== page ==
Dong-A Ilbo reporters and Goguryeo historians have visited the museum, which preliminarily opened to the public early this month, to conduct an in-depth analysis of China’s distortion of Goguryeo history. The museum opened after 10 years of preparations.

Located in an area bordering North Korea, Jian was the capital of Goguryeo from 3 to 427 A.D. and has approximately 12,000 Goguryeo tombs. The Monument of King Gwanggaeto the Great is also in Jian.
The museum is not so large in size, as it has six exhibition rooms on two floors. One doesn`t need to be an expert in Korean history to notice that the museum did not provide any explanation about Goguryeo’s link to the Korean Peninsula. Goguryeo’s relocation of its capital to Pyongyang, a large-scale war between Goguryeo and China’s Sui Dynasty and the fact that heaps of Goguryeo relics have been excavated in the Korean Peninsula are little mentioned.

By contrast, the museum emphasized that Goguryeo was under absolute influence of and fused politically, economically, socially and culturally with Chinese dynasties in the Central Plain. This thoroughly reflects the core parts of studies conducted under the Northeast Asia Project, although the museum does not directly mention that Goguryeo was a local state of China. A historian who accompanied Dong-A reporters said, “Though it is not explicitly stated, the museum claims that Goguryeo history is a part of Chinese history.”

The Research Center for Chinese Borderland History and Geography of the Chinese Academy of Social Sciences, a government think tank, carried out from 2002 to 2007 the Northeast Asia Project, including the history of ancient Korean kingdoms such as Goguryeo, Balhae and Gojoseon into Chinese history. Faced with South Korea’s protest at the time, the Chinese government claimed that Seoul was reacting “too sensitively” to some scholars’ academic discussions, denying that it was a state project.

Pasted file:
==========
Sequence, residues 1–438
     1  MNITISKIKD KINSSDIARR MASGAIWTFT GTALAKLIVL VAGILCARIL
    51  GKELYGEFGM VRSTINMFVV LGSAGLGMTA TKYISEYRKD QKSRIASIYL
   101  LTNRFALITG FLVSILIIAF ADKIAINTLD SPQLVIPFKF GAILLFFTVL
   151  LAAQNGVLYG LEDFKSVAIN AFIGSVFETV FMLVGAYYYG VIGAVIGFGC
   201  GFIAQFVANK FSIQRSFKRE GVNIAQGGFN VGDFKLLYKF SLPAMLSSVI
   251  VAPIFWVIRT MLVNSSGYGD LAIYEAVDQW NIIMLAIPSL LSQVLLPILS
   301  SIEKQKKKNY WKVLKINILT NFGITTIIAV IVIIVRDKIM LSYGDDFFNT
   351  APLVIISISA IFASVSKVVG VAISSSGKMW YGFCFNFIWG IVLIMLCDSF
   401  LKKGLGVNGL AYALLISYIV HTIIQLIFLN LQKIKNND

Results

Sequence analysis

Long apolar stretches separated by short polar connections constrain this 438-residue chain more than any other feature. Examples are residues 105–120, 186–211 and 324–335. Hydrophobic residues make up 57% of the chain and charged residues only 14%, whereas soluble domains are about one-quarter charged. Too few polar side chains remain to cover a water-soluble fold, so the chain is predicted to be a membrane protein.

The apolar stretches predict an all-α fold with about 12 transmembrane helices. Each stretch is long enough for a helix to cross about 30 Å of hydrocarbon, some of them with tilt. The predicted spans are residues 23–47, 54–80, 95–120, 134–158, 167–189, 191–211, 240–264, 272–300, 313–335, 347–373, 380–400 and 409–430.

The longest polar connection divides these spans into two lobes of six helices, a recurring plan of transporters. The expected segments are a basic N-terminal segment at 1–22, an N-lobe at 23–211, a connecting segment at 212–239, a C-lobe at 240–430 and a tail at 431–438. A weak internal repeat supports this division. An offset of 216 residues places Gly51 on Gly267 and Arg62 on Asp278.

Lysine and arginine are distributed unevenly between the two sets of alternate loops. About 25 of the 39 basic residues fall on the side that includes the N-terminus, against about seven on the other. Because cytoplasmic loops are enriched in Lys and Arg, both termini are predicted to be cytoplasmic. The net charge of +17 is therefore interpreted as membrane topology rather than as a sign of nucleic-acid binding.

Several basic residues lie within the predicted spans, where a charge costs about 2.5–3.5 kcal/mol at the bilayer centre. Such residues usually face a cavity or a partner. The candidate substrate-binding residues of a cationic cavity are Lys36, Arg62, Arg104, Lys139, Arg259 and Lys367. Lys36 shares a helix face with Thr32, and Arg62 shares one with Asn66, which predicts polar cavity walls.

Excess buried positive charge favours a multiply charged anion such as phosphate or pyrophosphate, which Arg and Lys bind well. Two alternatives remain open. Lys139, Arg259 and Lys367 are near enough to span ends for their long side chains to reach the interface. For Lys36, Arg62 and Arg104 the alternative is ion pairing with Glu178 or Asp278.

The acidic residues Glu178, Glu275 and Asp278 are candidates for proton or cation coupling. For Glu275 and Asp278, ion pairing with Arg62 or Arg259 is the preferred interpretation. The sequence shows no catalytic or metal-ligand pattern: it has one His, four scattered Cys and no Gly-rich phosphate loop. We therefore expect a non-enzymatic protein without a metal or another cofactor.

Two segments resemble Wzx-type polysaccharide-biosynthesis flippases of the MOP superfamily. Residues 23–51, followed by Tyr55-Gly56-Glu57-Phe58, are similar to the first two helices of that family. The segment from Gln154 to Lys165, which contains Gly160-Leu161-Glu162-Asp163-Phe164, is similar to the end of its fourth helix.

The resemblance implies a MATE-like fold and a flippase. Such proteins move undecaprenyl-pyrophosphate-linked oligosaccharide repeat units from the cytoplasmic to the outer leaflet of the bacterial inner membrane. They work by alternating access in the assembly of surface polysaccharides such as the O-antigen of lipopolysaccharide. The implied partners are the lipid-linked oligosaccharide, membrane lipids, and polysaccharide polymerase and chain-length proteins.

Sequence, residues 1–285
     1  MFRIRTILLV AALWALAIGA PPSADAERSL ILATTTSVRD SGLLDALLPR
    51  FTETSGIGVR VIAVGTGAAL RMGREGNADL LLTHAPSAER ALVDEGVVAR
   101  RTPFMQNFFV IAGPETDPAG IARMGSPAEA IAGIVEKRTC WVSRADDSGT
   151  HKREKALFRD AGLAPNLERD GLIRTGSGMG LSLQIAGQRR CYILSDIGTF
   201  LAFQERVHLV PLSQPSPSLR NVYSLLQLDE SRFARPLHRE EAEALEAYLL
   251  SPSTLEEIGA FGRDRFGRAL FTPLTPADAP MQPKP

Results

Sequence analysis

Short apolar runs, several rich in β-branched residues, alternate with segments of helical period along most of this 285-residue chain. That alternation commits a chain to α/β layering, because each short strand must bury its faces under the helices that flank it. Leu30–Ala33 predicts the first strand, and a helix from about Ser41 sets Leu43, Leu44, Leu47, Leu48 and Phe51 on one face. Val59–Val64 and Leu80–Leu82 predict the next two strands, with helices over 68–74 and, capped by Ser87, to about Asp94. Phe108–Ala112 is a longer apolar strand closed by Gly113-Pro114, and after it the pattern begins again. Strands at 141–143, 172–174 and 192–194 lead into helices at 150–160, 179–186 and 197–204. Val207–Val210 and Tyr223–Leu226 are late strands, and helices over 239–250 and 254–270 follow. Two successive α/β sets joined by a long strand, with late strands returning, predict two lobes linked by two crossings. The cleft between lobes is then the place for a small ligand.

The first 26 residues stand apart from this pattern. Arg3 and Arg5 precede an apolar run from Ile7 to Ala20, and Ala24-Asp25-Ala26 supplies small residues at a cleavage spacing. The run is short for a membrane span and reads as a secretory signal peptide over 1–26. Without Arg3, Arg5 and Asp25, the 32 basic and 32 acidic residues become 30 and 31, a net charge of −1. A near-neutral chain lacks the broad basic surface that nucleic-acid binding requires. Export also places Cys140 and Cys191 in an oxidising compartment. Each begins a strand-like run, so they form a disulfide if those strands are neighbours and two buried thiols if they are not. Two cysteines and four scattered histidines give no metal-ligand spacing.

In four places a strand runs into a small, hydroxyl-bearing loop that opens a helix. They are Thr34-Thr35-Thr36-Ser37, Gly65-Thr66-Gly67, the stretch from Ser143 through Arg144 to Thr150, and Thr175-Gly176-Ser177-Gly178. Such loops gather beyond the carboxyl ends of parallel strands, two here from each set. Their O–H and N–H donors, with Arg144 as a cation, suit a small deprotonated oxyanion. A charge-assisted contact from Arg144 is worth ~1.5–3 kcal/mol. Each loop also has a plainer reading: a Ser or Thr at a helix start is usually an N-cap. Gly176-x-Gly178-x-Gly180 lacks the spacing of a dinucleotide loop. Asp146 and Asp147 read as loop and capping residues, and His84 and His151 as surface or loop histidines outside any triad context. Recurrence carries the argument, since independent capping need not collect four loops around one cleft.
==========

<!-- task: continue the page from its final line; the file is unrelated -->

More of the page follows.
“Just as South Korean scholars have been concerned, the Chinese government is applying Northeast Asian Project research results to the field to solidify the project, starting with the opening of the Goguryeo museum,” said Cho Beop-jong, a professor of history at Woosuk University. “South Korea should respond proactively.”

Proactively, right. You can't win, these ancient battles are part and parcel of living in Asia, as long as there are communists and nationalists and whatnot. Without much further foreign involvement, things would probably stay the same, for a very long time. Meanwhile, isn't it wonderful to ponder the fact that that simple shrine here in Koma, Saitama, is a shinto shrine. The native goods of Japan do not seem to mind.

As for Wikipedia, I find it very useful, but I also hesitate to rely on any site that has more than 500 revisions. The Northeast Project of the Chinese Academy of Social Sciences is one such wikipedia site. For more about Goguryeo (ancient northern Korean) do check this wikipedia page or History of Korea.

Buddhism was introduced here [in Korea] as early as in 372, but was more popular in other parts of the ancient Korean kingdoms...

When I read the news each day I think these peoples of various faiths and economy systems and interpretations of history have yet to find a way to recognize the wonders and miracles of each other, as each and everyone is so great. Love your neighbor. North East Asia will continue to surprise, while inspire an ignite profound trends, for a very long time.

When visiting Nara, for example, you are not just visiting "Japan" but really a puzzle or matrix of influences that include people who came all the way to this city from India, China and Korea.


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"Who controls the past controls the future. Who controls the present controls the past." - "1984", George Orwell